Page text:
Parents are Key to Reversing School Health Disparities
March 18, 2014 | Written By: Healthy Schools Campaign
Leading the way for their children’s health
On the fourth anniversary of Let’s Move!, as First Lady Michelle Obama announces exciting new measures to support student health, there’s much to celebrate across the nation — especially here in Chicago. Recess has returned to elementary schools, nutrition standards for school meals are stronger and Chicago Public Schools (CPS) has adopted district-wide daily PE and wellness policies. CPS schools are becoming healthier places to thrive in and learn in, thanks in large part to key parents leaders who are part of Parents United for Healthy Schools.
Parents United was formed in 2006 out of concern for skyrocketing rates of asthma and obesity in certain geographic areas of Chicago. Health disparities — differences in health outcomes that are closely linked with social, economic, and environmental disadvantage — are often tied to the social conditions in which individuals live, learn, work and play. A recent Chicago study shows that the differences in neighborhood conditions strongly predict who will be healthy, who will be sick and who will live longer. People living in communities with the least access to nutritious foods, predominantly African American and Latino neighborhoods, have an average life expectancy more than 12 years shorter than those with the highest access. Today, one’s health is more closely linked with one’s Zip code than one’s genetic code.
Change blooms at home and at school
Beyond statistics, conversations with new Parents United members start from an even more basic premise: Parents love their children and want what will be best for them. Guillermo Gomez, HSC’s Vice President for Urban Affairs, says: “Parents United starts with participants’ own personal experiences, and uses a social justice frame to build on that knowledge and develop a common understanding and plan of action.”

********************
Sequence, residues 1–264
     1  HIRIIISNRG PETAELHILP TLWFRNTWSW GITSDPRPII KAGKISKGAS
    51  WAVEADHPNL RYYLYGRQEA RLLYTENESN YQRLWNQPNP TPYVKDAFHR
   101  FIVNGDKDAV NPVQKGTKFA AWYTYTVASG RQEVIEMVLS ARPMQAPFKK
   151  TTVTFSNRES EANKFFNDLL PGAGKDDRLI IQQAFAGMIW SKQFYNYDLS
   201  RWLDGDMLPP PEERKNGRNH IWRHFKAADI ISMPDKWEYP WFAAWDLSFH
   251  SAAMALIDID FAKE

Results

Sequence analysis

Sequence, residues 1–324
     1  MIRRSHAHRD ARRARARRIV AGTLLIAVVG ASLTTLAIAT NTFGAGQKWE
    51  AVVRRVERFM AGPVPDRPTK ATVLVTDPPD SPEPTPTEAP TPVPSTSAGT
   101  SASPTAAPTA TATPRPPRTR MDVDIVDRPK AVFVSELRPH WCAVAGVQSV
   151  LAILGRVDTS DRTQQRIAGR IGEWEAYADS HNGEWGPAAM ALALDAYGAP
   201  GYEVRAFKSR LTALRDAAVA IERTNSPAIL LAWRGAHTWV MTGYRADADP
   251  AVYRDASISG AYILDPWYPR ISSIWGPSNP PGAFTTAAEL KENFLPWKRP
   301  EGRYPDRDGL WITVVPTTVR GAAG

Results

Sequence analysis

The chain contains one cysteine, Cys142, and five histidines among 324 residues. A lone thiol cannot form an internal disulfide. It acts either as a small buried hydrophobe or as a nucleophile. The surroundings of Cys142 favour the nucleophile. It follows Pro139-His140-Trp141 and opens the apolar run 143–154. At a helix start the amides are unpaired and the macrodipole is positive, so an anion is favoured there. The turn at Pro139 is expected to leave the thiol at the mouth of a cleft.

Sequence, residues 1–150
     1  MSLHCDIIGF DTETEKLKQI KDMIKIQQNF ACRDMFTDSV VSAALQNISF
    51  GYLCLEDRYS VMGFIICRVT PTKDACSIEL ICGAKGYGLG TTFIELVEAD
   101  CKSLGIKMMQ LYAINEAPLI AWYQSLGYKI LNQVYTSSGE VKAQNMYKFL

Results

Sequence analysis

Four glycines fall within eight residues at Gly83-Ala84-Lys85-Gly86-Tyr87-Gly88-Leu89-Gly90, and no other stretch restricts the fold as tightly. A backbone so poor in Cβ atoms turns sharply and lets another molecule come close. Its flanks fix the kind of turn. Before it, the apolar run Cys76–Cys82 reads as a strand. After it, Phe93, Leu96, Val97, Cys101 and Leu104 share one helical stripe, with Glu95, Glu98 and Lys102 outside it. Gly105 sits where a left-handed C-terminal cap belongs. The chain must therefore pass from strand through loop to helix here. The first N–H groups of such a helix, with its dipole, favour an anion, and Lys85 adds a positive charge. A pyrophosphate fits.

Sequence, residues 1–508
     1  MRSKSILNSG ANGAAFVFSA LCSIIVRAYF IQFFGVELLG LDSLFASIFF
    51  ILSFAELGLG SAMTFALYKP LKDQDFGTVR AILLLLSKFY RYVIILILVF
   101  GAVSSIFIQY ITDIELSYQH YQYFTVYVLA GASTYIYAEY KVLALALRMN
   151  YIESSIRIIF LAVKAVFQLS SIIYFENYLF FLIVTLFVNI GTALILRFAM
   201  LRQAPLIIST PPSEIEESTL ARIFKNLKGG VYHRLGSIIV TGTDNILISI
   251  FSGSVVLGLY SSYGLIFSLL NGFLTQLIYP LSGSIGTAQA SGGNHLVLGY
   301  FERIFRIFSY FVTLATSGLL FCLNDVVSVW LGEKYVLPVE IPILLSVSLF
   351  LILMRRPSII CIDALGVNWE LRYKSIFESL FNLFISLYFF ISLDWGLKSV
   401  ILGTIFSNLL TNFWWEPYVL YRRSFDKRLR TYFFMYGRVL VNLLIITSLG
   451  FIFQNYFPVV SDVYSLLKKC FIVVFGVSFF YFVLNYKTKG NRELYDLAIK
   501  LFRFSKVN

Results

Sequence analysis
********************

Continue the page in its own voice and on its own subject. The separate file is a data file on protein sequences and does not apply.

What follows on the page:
Parents United helps individuals make healthy changes in their own lives, then helps raise awareness of community factors and connect to a network of people that makes change on a community level. Collectively, different communities work together to bring about change at the school district and city level.
This model has allowed much change to blossom in schools across the district. Parents have emerged as natural leaders, and more than 250 parents graduated from HSC’s Parent Leadership Institute. Parents first take steps to change their own routines by forming after-school cooking and exercise clubs with others. Then gradually, they think how best to create healthy change at their schools and across the city. They’ve organized wellness fairs, parent summits and open dialogues with principals and the school district. Graduates are now working to implement programs and policies that promote health and wellness in their schools, including daily recess and physical education, healthy classroom fundraisers and celebrations and increased access to fruits and vegetables. In all, they’ve taken the helm of more than 50 wellness teams districtwide. Together, Parents United members spearheaded change in many of the schools that successfully met the HealthierUS School Challenge.
Making student health a priority in Chicago and nationwide
In the last four years, Let’s Move! has shaped and focused a national conversation on curbing the alarming obesity rates in our communities. By spotlighting these issues, Let’s Move! has inspired and driven the work of people in local communities. Parents United members are reinvigorated with the attention these important issues are receiving and they continue to be vital advocates for health promoting school policies and practices. In Chicago earlier this year, parents successfully advocated for a policy that now requires daily physical education in every CPS school. Learn more about daily PE in Chicago.
Although health disparities persist in certain neighborhoods, there’s strength that comes from common geography.
Gomez says, “Parents realize that individual concerns are shared by others in the neighborhood — in other words, they’re not alone. And together, they can make a difference. “